For me the Andantino is a bit too slow, in particular in respect with the very fast tempo of the following Presto Con Fuoco. I would not say that there is no line, but it is just a bit mechanical and heavy. The accentuation is too strong so it makes the phrasing uniform.

You dont have to play the Con Fuoco that fast. The first one is generally fine, though the retransition to Tempo 1 (bar 79-82) is somehow awkward and rushed. Because you take the Con Fuoco very fast, you need to work out a more gradual and more elaborate transition back to tempo 1. Also from an architecture point of view you need to weight in the amount of energy you put in at that place vs the overall progression of the piece.

In the second Con Fuoco and agitato (bar 141-196) You go too fast and loose control. In the Agitato section (BTW Agitato does not mean necessarily very fast, but translate a mood), after 6:20 it is really messy and it lacks clarity, the right hand is barely audible. But the main issue is that as you play full speed and dynamic all the time so there is a general lack of structure and construction of that section. In bar 185 there is a crescendo which you by-pass as you have already maxed out both in tempo and dynamics. I understand the idea of making it tormented but you need to work out more nuances and structure, which implies that you lower the dynamics and the tempo at appropriate places to keep for expression.

The final tempo I section is played too fast on the other hand, contrary to the initial Tempo 1 of the andantino. After all that turmoil, you need to take more time to rebalance and let things settle in.

Just my personal opinion of course. Great Play though. Take care.


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I think the fast sections are played faster than even most top pros play them. I was shocked when I heard them. So I think that means they are too fast.

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Originally Posted by Sidokar
I generally agree with Mark's comments though I would express them differently. Overall it is impressive playing, but there are some architectural and interpretative issues.

For me the Andantino is a bit too slow, in particular in respect with the very fast tempo of the following Presto Con Fuoco. I would not say that there is no line, but it is just a bit mechanical and heavy. The accentuation is too strong so it makes the phrasing uniform.

You dont have to play the Con Fuoco that fast. The first one is generally fine, though the retransition to Tempo 1 (bar 79-82) is somehow awkward and rushed. Because you take the Con Fuoco very fast, you need to work out a more gradual and more elaborate transition back to tempo 1. Also from an architecture point of view you need to weight in the amount of energy you put in at that place vs the overall progression of the piece.

In the second Con Fuoco and agitato (bar 141-196) You go too fast and loose control. In the Agitato section (BTW Agitato does not mean necessarily very fast, but translate a mood), after 6:20 it is really messy and it lacks clarity, the right hand is barely audible. But the main issue is that as you play full speed and dynamic all the time so there is a general lack of structure and construction of that section. In bar 185 there is a crescendo which you by-pass as you have already maxed out both in tempo and dynamics. I understand the idea of making it tormented but you need to work out more nuances and structure, which implies that you lower the dynamics and the tempo at appropriate places to keep for expression.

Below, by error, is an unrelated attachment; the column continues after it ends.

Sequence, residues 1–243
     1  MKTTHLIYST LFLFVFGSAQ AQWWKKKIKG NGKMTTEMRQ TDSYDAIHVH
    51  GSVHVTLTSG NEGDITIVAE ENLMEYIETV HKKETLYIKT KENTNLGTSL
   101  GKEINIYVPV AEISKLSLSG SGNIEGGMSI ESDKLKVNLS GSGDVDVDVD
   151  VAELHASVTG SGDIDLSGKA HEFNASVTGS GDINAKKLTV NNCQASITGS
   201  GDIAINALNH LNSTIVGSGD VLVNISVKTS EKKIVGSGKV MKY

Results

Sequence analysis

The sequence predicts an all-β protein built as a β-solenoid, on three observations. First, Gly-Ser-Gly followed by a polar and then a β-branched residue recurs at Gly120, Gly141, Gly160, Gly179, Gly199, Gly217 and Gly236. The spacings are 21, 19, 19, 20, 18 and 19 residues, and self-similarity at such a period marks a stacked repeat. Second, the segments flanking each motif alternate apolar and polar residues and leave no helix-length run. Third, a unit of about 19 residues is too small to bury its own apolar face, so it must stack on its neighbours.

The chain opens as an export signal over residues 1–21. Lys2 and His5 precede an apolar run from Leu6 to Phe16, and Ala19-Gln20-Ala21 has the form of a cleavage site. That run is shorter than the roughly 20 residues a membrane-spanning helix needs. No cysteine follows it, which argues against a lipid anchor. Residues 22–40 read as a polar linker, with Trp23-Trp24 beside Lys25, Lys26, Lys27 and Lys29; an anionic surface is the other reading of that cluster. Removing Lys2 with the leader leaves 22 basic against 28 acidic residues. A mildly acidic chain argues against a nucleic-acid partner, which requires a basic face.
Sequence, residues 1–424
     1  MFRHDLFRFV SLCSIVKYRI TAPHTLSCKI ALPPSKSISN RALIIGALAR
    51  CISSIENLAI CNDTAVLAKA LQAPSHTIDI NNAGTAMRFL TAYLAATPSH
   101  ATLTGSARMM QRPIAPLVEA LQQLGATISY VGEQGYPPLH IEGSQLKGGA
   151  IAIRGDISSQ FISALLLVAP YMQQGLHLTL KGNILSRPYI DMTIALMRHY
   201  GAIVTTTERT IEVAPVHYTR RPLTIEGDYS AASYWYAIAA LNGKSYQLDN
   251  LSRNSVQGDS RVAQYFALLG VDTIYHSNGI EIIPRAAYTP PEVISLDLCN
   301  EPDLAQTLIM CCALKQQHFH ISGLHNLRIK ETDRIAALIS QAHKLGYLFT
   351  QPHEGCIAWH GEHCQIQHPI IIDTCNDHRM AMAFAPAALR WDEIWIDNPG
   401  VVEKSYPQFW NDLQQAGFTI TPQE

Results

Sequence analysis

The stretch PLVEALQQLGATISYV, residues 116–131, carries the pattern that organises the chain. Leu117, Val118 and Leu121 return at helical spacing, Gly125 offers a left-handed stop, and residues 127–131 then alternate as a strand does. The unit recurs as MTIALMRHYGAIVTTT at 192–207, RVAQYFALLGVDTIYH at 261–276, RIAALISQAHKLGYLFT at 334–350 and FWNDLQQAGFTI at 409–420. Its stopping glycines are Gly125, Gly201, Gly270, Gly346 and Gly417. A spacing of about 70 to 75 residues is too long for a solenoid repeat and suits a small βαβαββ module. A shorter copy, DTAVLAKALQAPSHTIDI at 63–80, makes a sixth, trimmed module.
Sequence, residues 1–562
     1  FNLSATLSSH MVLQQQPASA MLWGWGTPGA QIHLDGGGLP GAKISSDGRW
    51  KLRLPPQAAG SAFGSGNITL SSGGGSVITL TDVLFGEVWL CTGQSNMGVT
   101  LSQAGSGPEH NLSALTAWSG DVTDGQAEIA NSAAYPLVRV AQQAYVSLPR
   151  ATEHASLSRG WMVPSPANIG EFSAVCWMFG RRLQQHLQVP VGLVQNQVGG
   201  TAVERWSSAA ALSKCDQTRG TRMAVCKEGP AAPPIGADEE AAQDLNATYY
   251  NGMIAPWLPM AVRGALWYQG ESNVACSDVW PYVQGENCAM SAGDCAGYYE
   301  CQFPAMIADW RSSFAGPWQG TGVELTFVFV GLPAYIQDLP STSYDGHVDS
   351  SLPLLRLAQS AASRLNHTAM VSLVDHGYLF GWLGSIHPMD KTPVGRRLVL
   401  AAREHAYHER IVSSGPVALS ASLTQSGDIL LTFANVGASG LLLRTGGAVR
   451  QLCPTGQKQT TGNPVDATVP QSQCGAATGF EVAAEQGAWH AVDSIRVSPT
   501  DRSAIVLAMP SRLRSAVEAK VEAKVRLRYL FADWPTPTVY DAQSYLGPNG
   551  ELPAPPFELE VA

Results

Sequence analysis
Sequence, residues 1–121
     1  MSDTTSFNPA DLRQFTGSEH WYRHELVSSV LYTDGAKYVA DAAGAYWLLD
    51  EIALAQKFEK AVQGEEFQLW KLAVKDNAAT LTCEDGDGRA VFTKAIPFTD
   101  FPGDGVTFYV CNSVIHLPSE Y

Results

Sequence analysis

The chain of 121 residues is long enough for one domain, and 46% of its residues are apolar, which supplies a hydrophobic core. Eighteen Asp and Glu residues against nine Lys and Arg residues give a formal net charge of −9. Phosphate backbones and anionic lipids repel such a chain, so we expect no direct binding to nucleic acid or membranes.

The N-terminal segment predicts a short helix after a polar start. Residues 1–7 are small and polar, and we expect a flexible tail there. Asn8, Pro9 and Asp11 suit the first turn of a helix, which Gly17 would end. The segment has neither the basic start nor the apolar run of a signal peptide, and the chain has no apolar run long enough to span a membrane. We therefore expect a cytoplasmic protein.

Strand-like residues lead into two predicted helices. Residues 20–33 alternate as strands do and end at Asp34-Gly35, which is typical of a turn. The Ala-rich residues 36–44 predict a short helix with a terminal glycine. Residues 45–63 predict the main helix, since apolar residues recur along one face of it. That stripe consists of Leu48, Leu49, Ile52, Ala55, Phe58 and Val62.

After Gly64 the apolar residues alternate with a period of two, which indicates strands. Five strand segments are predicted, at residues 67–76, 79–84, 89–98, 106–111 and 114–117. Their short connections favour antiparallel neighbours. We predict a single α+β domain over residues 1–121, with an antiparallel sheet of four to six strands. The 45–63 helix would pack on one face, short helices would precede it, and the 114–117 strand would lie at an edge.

The final tempo I section is played too fast on the other hand, contrary to the initial Tempo 1 of the andantino. After all that turmoil, you need to take more time to rebalance and let things settle in.

Just my personal opinion of course. Great Play though. Take care.

I basically agree with everything you said, I am not as comfortable on this ballade yet as I am with say the 4th one (which has countless more hours on practice in it). So I do lose control or have to pay too much attention to technique and lose musicality in the process. Hopefully I'll be able to do it justice after more practice. smile

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Nemaara
Really looking forward to hearing your updated recording—- I’m convinced it will be awesome 😊


"Music, rich, full of feeling, not soulless, is like a crystal on which the sun falls and brings forth from it a whole rainbow" - F. Chopin
"I never dreamt with my own two hands I could touch the sky" - Sappho

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Originally Posted by Nemaara
Hopefully I'll be able to do it justice after more practice. smile

No doubt about that. That said, I appologize if what I am going to say sounds a bit hard , ... but it seems to me that your technical skill level far exceeds the expressive capabilities of your piano. I dont know if you are in a situation to change, but that is something I would consider in the future. Maybe your recording set up has something to do with it as well, but my guess is that the piano itself has a major role.


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Originally Posted by Sidokar
No doubt about that. That said, I appologize if what I am going to say sounds a bit hard , ... but it seems to me that your technical skill level far exceeds the expressive capabilities of your piano. I dont know if you are in a situation to change, but that is something I would consider in the future. Maybe your recording set up has something to do with it as well, but my guess is that the piano itself has a major role.

Well thank you but I am about to leave home and my piano behind somewhat soon (hence the frenzy of recordings I am making nowadays). So if anything I will have to play on a digital which will be even worse. :s


Originally Posted by dogperson
Nemaara
Really looking forward to hearing your updated recording—- I’m convinced it will be awesome 😊

Thank you, also relevant comment above which is maybe somewhere off in the future, maybe in a couple months if I can fit it in in time.